Build The Right Group: The right notification system will give users the ability to create groups and designate zones to fit their needs. On college campuses this is used to reach every building, office, and person with critical information. During winter terms though, certain buildings may be closed, and large numbers of student and staff may not be on campus.

Set up groups specifically to reach those people, buildings and devices that will be in use during the winter term. This helps get the right information to the right people in the event of an emergency. It also prevents messages being sent to unnecessary parts of campus, and alerting people who would be unable to assist.

 Assess For The Rest Of The Year: The end of the semester is also a good time to review your emergency communication plan. Examine what has been working and what can be improved. Use the winter break to test new procedures, features and scenarios and work on implementing new ideas throughout the rest of the year.


Prepare For Severe Weather: Summer is coming, and with it, an increased possibility of severe weather. To protect students and staff, you need to develop efficient methods for monitoring potential weather events, and getting the word out to protect people when threatening weather approaches.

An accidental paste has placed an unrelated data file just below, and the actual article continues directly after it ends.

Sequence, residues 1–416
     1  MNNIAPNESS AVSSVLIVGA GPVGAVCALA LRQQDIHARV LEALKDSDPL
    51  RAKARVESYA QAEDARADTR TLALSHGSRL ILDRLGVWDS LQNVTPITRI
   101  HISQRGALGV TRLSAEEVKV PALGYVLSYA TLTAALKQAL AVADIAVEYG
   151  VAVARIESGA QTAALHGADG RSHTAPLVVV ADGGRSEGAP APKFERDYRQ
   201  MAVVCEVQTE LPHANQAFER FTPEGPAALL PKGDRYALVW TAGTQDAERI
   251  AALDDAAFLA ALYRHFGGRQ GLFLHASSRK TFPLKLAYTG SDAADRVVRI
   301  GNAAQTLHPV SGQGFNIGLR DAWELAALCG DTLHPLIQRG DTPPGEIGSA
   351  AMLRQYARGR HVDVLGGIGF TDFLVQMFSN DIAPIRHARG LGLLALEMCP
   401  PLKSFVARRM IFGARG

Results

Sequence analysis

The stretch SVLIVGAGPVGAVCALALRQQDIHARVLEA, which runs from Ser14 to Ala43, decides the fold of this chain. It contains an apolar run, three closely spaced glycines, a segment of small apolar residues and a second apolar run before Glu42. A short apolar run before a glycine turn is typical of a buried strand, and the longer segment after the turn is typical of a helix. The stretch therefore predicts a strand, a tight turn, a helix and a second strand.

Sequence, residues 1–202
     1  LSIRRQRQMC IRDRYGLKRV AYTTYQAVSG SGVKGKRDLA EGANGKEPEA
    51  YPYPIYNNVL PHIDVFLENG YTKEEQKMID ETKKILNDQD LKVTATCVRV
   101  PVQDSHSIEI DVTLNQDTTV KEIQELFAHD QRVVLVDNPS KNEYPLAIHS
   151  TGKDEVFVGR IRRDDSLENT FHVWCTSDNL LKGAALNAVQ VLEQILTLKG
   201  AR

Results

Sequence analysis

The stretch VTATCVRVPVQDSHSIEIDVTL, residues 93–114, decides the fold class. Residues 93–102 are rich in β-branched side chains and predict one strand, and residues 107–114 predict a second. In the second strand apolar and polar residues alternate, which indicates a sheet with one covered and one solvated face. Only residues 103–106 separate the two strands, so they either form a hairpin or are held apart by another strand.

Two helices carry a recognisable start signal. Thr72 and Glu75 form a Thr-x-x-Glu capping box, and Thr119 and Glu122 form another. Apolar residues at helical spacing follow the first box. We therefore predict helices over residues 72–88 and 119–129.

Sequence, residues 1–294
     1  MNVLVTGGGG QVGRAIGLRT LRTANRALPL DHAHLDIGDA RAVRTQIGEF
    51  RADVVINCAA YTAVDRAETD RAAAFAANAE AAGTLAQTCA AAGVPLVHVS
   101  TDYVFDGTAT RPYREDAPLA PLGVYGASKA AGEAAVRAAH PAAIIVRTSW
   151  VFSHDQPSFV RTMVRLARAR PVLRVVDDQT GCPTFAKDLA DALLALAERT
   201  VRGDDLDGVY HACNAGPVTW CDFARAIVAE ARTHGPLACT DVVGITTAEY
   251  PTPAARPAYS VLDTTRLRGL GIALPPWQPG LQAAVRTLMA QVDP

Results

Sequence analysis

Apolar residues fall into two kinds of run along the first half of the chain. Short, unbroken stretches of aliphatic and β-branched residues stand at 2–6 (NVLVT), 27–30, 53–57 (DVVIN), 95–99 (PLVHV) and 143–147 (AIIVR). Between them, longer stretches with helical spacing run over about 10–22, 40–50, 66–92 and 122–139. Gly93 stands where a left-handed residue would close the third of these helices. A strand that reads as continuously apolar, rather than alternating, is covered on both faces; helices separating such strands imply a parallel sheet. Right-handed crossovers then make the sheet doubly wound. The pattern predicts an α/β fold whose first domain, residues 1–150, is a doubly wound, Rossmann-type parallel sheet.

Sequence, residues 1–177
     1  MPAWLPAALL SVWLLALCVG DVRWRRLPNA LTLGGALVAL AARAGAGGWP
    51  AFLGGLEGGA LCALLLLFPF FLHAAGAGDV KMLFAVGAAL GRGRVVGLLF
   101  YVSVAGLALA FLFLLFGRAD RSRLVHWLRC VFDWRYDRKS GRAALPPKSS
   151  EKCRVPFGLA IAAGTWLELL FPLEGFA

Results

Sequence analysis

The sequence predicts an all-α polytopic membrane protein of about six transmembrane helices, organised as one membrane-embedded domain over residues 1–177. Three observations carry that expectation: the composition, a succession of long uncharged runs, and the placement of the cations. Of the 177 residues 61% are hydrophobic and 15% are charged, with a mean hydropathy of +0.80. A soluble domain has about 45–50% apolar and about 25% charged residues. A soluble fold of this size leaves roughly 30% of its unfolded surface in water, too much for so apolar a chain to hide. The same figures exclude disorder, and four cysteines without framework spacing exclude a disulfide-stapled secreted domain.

A notification system capable of keeping you and your staff informed wherever you are can help provide an answer to many of these questions by: Monitoring for alerts from the National Weather Service, pre-building messages and automatically notifying the right people when severe weather is approaching, allowing you to gather your safety team together to discuss response efforts, and sending emergency notifications to your entire organization via several different devices, such as overhead paging systems, IP phones, digital signs, iOS/Android devices, and more. One of the key components of this safety strategy is providing people with a location they should go to when severe weather approaches.